We are beginning Chayei Adam, Hilchos Shabbos. We will begin with a quick introduction to the sefer itself.
The Chayei Adam divides his sefer into chapters and paragraphs. The standard division in most seforim is to refer to chapters as simanim, and paragraphs as seifim. However, the Chayei Adam refers to his chapters as klalim and paragraphs as simanim. Although it can be a bit confusing, in deference to the Chayei Adam, we will follow his division.
We are learning sefer Chayei Adam because the Chayei Adam has a very logical presentation of the halachos, as opposed to the Mishnah Berurah, which was written as a commentary to the Shulchan Aruch. The Shulchan Aruch itself will sometimes discuss an idea in multiple places, and one can only follow the Mishnah Berurah’s understanding by looking in all of those places. The Chayei Adam follows a much more logical progression. That being said, we are using the version of the Chayei Adam which includes the Piskei Mishnah Berurah, which adds the places where the Mishnah Berurah disagrees or adds to the points of the Chayei Adam, so we will add those as well.
Generally, when the Chayei Adam begins a new topic, he begins with a few words of mussar, exhortation to follow the halachos properly. Today, we will learn his introduction, and tomorrow we will begin the halachos.
The Chayei Adam writes that Shabbos Kodesh is the tremendously important sign that Hashem gave to Klal Yisroel as a covenant between us and Hashem. It serves to remind us that Hashem created the world in a six day process. Everything was included within those six days (notwithstanding that the exact definition of six days is not so well understood), and Shabbos was the seventh day upon which Hashem ceased from work. It is the foundation of our belief in Hashem to know that there is a creator and master who created all and is therefore the master of all. If so, we are bound to serve Him through every element of our existence, including our physical existence, our spiritual existence, and our items and property. When a person commits to keep Shabbos, they are reminding themselves and declaring that they are the servant of Hashem.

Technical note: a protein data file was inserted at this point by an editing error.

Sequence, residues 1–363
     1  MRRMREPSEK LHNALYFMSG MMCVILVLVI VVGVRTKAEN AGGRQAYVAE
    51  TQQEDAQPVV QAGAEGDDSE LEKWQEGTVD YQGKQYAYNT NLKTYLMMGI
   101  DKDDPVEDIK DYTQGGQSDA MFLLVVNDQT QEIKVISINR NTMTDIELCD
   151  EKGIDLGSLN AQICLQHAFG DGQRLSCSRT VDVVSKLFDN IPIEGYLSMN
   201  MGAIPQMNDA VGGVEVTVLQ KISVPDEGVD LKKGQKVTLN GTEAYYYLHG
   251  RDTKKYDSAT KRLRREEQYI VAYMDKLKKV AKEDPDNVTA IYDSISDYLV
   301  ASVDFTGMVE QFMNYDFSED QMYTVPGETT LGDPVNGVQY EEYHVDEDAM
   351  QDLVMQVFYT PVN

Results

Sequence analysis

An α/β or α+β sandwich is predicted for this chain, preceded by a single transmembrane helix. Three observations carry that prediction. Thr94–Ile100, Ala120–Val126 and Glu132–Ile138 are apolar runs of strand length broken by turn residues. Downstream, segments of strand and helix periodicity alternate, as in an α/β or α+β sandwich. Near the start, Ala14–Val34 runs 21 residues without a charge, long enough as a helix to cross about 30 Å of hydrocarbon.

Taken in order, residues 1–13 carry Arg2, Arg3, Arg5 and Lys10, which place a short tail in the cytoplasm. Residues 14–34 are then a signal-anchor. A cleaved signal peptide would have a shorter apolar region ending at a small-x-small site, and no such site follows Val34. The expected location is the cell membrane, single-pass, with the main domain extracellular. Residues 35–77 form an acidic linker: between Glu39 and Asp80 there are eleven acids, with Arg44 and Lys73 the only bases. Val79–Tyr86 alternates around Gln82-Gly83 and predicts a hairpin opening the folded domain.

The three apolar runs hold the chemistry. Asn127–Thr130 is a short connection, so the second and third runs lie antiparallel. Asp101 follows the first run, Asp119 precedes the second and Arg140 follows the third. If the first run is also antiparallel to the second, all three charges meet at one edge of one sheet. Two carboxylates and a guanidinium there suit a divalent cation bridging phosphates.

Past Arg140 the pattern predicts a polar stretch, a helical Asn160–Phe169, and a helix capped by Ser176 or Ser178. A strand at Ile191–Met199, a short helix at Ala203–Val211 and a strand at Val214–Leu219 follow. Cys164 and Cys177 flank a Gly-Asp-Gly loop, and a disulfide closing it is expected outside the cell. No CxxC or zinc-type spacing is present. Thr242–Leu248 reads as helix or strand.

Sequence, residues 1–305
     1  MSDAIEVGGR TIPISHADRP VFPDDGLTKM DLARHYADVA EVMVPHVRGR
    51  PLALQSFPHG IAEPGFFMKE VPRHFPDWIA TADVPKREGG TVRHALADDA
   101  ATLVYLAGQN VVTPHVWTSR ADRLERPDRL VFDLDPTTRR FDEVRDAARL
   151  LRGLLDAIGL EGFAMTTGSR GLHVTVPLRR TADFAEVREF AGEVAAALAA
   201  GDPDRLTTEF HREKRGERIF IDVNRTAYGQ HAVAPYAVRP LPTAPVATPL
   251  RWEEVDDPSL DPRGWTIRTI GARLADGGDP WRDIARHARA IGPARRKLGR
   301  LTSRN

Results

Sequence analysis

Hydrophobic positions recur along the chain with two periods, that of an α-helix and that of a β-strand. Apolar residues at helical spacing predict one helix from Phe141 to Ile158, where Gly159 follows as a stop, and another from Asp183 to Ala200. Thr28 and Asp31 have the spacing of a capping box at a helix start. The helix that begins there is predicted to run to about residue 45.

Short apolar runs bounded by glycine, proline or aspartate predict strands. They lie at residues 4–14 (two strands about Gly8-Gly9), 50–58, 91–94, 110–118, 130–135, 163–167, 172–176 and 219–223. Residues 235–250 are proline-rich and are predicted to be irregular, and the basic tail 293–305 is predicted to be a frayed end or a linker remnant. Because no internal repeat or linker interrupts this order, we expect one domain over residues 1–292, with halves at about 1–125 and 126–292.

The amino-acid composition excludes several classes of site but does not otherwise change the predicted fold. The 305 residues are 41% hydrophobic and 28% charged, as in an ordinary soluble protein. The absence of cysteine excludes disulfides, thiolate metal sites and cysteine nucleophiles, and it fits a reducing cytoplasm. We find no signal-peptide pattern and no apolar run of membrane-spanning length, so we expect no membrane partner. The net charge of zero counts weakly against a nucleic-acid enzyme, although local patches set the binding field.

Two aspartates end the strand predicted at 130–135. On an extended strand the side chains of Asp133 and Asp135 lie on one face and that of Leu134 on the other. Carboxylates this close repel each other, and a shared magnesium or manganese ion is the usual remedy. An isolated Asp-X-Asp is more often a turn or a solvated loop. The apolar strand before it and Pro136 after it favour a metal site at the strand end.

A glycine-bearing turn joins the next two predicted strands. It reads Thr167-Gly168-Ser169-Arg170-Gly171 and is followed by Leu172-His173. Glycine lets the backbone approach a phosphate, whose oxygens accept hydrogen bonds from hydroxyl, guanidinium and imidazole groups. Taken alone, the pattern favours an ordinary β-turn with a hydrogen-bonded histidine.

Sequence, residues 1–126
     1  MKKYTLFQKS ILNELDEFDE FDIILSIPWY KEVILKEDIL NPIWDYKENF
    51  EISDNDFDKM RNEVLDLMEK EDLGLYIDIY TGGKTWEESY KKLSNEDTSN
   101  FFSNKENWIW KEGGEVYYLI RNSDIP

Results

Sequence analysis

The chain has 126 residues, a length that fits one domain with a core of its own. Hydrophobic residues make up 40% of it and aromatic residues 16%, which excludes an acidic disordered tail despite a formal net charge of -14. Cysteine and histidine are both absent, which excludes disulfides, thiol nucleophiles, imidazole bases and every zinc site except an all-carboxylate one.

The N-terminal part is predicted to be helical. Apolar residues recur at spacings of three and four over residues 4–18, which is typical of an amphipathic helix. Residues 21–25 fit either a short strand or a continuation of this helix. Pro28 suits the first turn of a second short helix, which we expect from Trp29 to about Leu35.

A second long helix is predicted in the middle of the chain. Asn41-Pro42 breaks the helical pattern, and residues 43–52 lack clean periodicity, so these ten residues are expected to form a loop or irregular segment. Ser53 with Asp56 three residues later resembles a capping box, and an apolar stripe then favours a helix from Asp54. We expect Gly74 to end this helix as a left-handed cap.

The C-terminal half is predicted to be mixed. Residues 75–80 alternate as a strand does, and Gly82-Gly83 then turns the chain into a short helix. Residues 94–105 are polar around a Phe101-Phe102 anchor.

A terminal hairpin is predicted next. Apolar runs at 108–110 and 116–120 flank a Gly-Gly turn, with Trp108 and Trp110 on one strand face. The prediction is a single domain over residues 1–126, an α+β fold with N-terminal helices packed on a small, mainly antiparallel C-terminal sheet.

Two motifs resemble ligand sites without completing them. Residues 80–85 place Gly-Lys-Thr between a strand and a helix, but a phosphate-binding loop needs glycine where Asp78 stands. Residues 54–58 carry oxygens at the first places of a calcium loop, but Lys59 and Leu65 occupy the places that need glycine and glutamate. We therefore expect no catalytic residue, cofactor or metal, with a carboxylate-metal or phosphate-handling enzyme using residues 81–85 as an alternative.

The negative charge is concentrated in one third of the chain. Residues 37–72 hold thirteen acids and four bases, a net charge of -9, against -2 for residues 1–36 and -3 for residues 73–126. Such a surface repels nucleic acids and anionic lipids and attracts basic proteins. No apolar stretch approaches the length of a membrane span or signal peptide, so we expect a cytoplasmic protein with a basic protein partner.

With this concept in mind, it is understandable that the Torah tells us 12 times that one must keep Shabbos. Furthermore, we can understand why Chazal tell us that one who keeps Shabbos is considered as though they have kept the entire Torah, and one who does not keep Shabbos is considered as though they have violated the entire Torah.
The Chofetz Chaim gives an analogy to understand this concept. If a person has a barbershop, they place a sign outside their store to make it clear that it is a barbershop. If the owner goes on vacation, even for a long time, as long as the sign is there, it is clear that they plan to come back and that the business is still theirs. Once they take down the sign, it is clear they have sold the business and moved on. As long as a person keeps Shabbos, even if they are not keeping other mitzvos, it is as though the “sign is still there”, and hopefully they will come back to keep the other mitzvos in due time. If a person does not keep Shabbos, it is akin to “taking the sign down” and it is clear they have moved on, chas veshalom.
We recognize that Shabbos is the vehicle to remind us of our status in this world, that we are not the owners of the world, but rather subjects in the world who are here to serve our Creator. This concept is so important that if one does not keep it, it is as though they deny the foundation of the entire Torah, chas veshalom.
With this introduction in mind, we will move on to the practical halachos of Shabbos beginning with the next shiur, be’ezras Hashem.